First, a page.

| March 16, 2009
First plasma for LTX
|Dick Majeski and the Lithium Tokamak Experiment (LTX)
Researchers at DOE's Princeton Plasma Physics Laboratory recently produced the first plasma on the Lithium Tokamak Experiment (LTX). The new device studies pure lithium metal on surfaces facing or contacting the plasma. Plasma is a hot, gaseous state of matter used as the fuel to produce fusion energy —the power source of the sun and the stars; a tokamak is an experimental fusion machine. LTX may herald a new regime of plasma performance with improved stability, lower impurity levels, better particle and temperature control, and more efficient operation. "Even in a small machine like LTX, we expect a dramatic change in plasma parameters, and that's what we're quite excited about," said Bob Kaita. He and Dick Majeski (pictured with the experiment) are the LTX co-investigators. This improved performance may be possible because the LTX plasma is enclosed in a heated, conductive shell coated with molten lithium on the inside, and shaped to conform to the boundary of the plasma.
[Patti Wieser, 609.243.2757,
Paying less to tackle climate change
New scenarios chart emissions reductions needed to meet 2095 targets.
A new set of climate scenarios reaffirms that a mix of advanced technologies could significantly reduce the cost to stabilize the global climate by 2095. Researchers from the Joint Global Change Research Institute, a collaboration between Pacific Northwest National Laboratory and the University of Maryland, used PNNL's MiniCAM model to simulate the economic, energy, climate and terrestrial systems under various conditions. For example, the model balanced the demand for biofuel against the need to retain cropland. The work offers a richer set of scenarios for understanding how technology could evolve, the uncertainties involved and the interactions between technologies for reducing greenhouse gas emissions. Details of the research funded by the multi-agency U.S. Climate Change Technology Program are available online.
[Kristin Manke, 509.372.6011,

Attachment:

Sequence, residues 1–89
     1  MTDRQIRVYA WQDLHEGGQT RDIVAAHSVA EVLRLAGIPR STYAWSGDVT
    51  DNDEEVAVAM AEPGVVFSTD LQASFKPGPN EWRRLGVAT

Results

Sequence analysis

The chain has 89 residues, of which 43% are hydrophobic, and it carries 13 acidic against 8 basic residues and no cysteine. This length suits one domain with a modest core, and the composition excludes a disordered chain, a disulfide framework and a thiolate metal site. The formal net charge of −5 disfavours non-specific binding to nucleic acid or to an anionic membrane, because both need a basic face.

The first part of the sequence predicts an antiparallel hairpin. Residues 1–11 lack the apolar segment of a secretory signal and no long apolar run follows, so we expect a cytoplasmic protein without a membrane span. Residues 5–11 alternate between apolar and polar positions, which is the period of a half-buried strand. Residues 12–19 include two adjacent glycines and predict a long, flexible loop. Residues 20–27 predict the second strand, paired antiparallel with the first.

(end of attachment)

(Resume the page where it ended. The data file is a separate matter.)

Quantum dots could boost solar cell efficiency
Solar cells may soon be more efficient than previously thought possible, thanks to a recent result from the PULSE Institute for Ultrafast Energy Science, a joint institute of DOE's SLAC National Accelerator Center and Stanford University. The PULSE researchers confirmed the results of a Los Alamos National Laboratory experiment that measured one photon of light generating more than one electron of electricity in a so-called "quantum dot"—a sphere made of only a few thousand atoms. Scientists previously assumed that one photon could excite exactly one electron, limiting the efficiency of solar cells. Using a slightly different experimental method than previous such experiments, the PULSE researchers confirmed the Los Alamos findings and determined that a single photon can excite as many as three electrons in a quantum dot. The next step in the quest for efficient solar power is to build a solar cell that uses quantum dots to realize this efficiency.
[Melinda Lee, 650-926-8547,
Tracking cropland CO2
For the first time, farmers have data that track at the county level carbon dioxide emissions associated with growing crops in the United States. This information is vital for examining changes in cropland production and management techniques and could play an even bigger role as more land is devoted to bioenergy crops, say researchers at DOE's Oak Ridge National Laboratory. By looking at changes in energy consumption and CO2 emissions that take place with conventional and alternative crop production, planners can do a better job of measuring the effects of various carbon sequestration strategies. The information can also contribute to future policy directions for energy use and agricultural production."